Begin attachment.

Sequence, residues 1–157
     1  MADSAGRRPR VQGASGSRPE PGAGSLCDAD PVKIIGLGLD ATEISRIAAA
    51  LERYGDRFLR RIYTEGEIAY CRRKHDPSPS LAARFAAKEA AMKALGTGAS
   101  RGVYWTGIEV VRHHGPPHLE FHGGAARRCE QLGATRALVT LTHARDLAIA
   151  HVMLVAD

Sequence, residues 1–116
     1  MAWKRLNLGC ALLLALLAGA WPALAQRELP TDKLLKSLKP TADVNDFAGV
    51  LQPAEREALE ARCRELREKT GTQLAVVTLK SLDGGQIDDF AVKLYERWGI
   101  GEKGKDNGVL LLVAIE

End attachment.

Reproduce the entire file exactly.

Sequence, residues 1–157
     1  MADSAGRRPR VQGASGSRPE PGAGSLCDAD PVKIIGLGLD ATEISRIAAA
    51  LERYGDRFLR RIYTEGEIAY CRRKHDPSPS LAARFAAKEA AMKALGTGAS
   101  RGVYWTGIEV VRHHGPPHLE FHGGAARRCE QLGATRALVT LTHARDLAIA
   151  HVMLVAD

Sequence, residues 1–116
     1  MAWKRLNLGC ALLLALLAGA WPALAQRELP TDKLLKSLKP TADVNDFAGV
    51  LQPAEREALE ARCRELREKT GTQLAVVTLK SLDGGQIDDF AVKLYERWGI
   101  GEKGKDNGVL LLVAIE